One simple lesson I was taught growing up was to put others before yourself. I did not know the true meaning of this lesson until my recent travels to Zacapa, Guatemala. Sponsored by Athletic Therapeutic Institute Physical Therapy and Hearts in Motion, I joined four other students from across the country on a service learning trip to a country we knew little about, Guatemala. We had one mission in mind: provide those in need with exceptional physical therapy and medical services.
Following an orthopedic surgeon’s trip, our duty was to ensure proper recovery and rehabilitation. This is the mission we had in mind at least; little did we know we would be serving these people in a much deeper way. According to the Center for Disease Control, there are 0.93 physicians per 1,000 people in Guatemala. Comparatively, the prevalence of physicians per 1,000 people is 2.3 in the United States. Not only are there small numbers of health care providers in Guatemala, but they are typically concentrated in the cities. As poverty is a norm, transportation to the city for a doctor’s appointment is not feasible to most. In addition, most Guatemalan citizens do not have health insurance, forcing them to pay out of pocket for private health care or wait in long lines at understaffed and under-equipped public hospitals.
One patient we treated recently underwent femur reconstruction, requiring a metal rod. The hospital would perform the surgery but did not have the rod available, requiring the patient to save money to purchase a rod himself and delaying the surgery six months. Finally, the patient purchased the rod and was admitted for surgery, only to find out that the rod was too long for his femur, as the doctor did not provide the patient with the correct measurement information. Despite the mismatch, the doctor inserted the rod because “something is better than nothing.” Stories like this patient’s are not rare in Guatemala; many times over the course of my trip I found myself in awe from medical stories. In addition to physical therapy, we provided patients with general medical services something we would go to our primary care physician for here in the states. We monitored blood pressure, cleaned wounds, and took comprehensive medical histories. In addition, we provided ankle-foot orthosis, joint braces, canes, walkers, and wheelchairs to those who needed them. The most important service we provided to our Guatemalan patients was education. Knowledge about living a healthy lifestyle through physical activity and diet is not prevalent. With our help, our patients now know ways to live a healthy, fulfilling life free of pain.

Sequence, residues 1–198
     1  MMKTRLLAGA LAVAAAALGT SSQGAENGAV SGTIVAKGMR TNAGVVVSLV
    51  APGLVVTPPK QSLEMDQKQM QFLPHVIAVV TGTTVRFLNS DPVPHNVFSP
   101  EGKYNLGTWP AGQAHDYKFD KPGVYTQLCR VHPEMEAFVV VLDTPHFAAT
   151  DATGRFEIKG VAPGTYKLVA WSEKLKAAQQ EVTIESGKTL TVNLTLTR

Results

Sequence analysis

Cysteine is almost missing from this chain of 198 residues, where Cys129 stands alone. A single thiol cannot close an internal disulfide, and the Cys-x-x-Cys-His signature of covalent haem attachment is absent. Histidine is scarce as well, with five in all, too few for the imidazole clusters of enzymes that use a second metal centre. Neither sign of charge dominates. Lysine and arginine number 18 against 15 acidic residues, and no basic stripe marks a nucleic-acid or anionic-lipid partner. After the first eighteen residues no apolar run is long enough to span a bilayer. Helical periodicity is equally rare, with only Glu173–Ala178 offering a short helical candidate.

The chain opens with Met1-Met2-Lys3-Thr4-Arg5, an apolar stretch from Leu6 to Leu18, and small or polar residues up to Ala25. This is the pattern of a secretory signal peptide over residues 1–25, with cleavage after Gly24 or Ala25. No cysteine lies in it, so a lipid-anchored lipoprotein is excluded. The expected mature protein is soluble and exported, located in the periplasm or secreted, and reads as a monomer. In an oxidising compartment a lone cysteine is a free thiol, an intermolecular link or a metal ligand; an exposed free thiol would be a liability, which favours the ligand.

Despite the poverty they face, the Guatemalan people were among the most joyous and grateful individuals I have ever encountered. In the states, physical therapy is often seen as an intermediate step, blocking people from surgery or further testing. On the contrary, because physical therapy is the sole option for Guatemalans in pain, many individuals waited hours on end to be treated by our team. Their gratitude after treatment was clear: we were given hugs and kisses, offered thanks and prayers, and rewarded with Guatemalan desserts and goodies. The sincerity of Guatemalan people made me realize how something easily accessible here in the United States can be taken for granted.
I experienced the true art of connection while in Guatemala. My role, as the rehabilitation technician on the team, was to provide home exercise programs, teach proper technique, stretch out patients, and educate them on the importance of keeping up with the assigned exercises. Although I was not able to physically manipulate a patient’s joint or diagnose the issue, I offered what I had to give: assistance, knowledge, education or even a simple smile and hug. Despite the language barrier, we connected through eye contact, smiles, laughs, and gestures. The people of Guatemala taught me so much. Their warm, hospitable personalities taught me to maintain an open mind about other lifestyles. Their living conditions taught me to be grateful, and not take anything for granted. The entire experience taught me to constantly give to others. No matter how small, offer what you have to others first. Whether it’s knowledge and skills or simply time and a smile, give anything you can.
Interested in studying abroad or in another state? The International Programs Office can answer your questions about Study Abroad, Exchange Programs, Short-Term Study Abroad Programs, and National Exchange Programs. For more information, visit the International Programs Office in Parenzo Hall lobby, Room 130.
Reprinted from the Squirrel Squire, newsletter of the Honors Program